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Word Walls 411

Here’s some information on Word Walls to refresh my mind and keep in my arsenal of references and resources. 

The following is based on information about Word Walls that I acquired after attending an incredible Reading Institute for teachers at the University of Miami back in 2006.

Word Walls are an essential part of the literate classroom environment. Word Walls foster and support the development of written language. Word Walls should also be interactive by allowing students to complete Word Wall related activities on a daily basis.

Word Walls may be organized in various formats. A common organization for word walls is placing words in alphabetical order. In the upper grades, however, word walls may be organized based on parts of speech for example. Regardless of the organization of the word wall, teachers should include words that are meaningful to the learning content of the classroom. Some suggested word listings include:

  • High-frequency words (especially for lower grades and Limited English Proficiency (LEP) students)
  • Vivid Verbs
  • Conjunctions or Magic Words as I call them (e.g. when, unless, while, although, if, because)
  • Transitional Words/Phrases
  • Specific Vocabulary (e.g., other words for “said”, “good”, “pretty”)
  • Examples of descriptive language (e.g., similes, metaphors, onomatopoeia, sensory words)
  • Vocabulary related to lesson
  • Tier-2 vocabulary words (e.g., as mentioned in Bringing Words to Life by Beck & McKeown)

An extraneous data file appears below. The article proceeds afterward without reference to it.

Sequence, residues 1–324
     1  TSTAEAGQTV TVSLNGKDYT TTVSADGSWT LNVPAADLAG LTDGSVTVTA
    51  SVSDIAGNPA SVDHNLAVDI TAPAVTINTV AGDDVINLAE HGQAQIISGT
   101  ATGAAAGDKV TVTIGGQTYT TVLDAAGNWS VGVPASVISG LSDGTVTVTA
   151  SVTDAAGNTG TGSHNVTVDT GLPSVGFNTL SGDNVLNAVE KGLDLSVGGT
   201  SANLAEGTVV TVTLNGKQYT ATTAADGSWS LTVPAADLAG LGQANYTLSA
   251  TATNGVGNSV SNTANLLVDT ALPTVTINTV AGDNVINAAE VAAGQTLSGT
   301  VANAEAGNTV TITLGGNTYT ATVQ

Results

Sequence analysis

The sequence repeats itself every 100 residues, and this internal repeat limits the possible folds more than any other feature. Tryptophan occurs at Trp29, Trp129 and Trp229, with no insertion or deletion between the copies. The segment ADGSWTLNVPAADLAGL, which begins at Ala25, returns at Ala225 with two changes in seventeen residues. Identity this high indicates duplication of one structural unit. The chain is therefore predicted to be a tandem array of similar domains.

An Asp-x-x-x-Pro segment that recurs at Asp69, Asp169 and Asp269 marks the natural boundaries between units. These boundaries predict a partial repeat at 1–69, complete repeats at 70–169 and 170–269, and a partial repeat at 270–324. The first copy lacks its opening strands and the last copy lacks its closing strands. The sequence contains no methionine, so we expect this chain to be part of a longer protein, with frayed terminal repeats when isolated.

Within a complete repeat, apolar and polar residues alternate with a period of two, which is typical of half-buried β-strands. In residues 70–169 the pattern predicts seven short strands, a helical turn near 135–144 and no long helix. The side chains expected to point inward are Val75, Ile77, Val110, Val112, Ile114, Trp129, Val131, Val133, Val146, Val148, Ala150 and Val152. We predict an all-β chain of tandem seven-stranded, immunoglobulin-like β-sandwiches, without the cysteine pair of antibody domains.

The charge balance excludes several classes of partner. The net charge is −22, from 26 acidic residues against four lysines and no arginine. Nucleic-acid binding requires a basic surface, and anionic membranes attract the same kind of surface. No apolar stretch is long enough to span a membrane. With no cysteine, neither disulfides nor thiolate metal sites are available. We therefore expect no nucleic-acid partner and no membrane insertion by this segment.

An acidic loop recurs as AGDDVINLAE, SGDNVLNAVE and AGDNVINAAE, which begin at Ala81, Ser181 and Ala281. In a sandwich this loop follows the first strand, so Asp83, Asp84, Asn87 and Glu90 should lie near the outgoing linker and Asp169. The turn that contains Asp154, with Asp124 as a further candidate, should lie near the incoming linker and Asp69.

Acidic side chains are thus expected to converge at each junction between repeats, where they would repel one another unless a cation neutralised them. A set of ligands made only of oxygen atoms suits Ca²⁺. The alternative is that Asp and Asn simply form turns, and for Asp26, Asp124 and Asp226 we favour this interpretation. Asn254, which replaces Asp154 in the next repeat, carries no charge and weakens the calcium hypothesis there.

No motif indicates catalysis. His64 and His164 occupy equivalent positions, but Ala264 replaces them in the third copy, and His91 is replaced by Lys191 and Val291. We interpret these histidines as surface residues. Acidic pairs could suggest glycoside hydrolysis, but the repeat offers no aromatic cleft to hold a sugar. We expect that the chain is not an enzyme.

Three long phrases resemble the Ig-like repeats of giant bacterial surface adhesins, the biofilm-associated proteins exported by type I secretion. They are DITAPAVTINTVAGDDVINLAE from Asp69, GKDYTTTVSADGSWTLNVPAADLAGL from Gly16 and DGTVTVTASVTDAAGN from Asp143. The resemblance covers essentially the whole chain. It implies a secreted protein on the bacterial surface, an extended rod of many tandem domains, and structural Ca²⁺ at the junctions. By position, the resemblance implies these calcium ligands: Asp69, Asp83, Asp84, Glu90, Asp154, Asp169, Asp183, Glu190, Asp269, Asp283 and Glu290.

• Important, irregular, confusing words
  • Words needed to develop automaticity

In my district, word walls are a non-negotiable part of instruction. All elementary teachers are required to have a word wall and have students use it on a daily basis, making it interactive. Teachers are also instructed to be very stingy with their word walls and to only add no more than 5 words a week. These five words need to be instroduced to the students every week and they need to be engaged in activities related to these five words and to other words on the word wall. As the year progresses, teachers may take down words that students have “mastered” in order to allow room for new words.

As far as how to introduce word walls in the beginning of the year, you should start by including words related to “Back to School” that will be meaningful for the students to know. If you are teaching a Kindergarten or First grade class, you can also include the student’s names on the word wall. One thing is for sure, you should NEVER start out the year with a Word Wall FULL of words. Words should be added progressively throughout the year. Again, a maximum of 5 words per week. It’s ok if during the first week of school you decide to include your student’s names and have more than 5 words on your word wall, but make sure that each week after that you only add a maximum of 5 essential words.

Word Wall words will come from the lessons you are teaching that week. They do not all have to be spelling words and you should not include all spelling words in your word wall. Only include those high-frequency, Tier-2, “important” words your students need to know in order to increase automaticity.

Additionally, being a fourth grade teacher I do have and use a word wall in my classroom. I organize my word wall using the parts of speech which help my students with their writing. There are various types of activities that can be done on a daily basis with a word wall. The following are some links which provide some activities that can be done using the words in your word wall:





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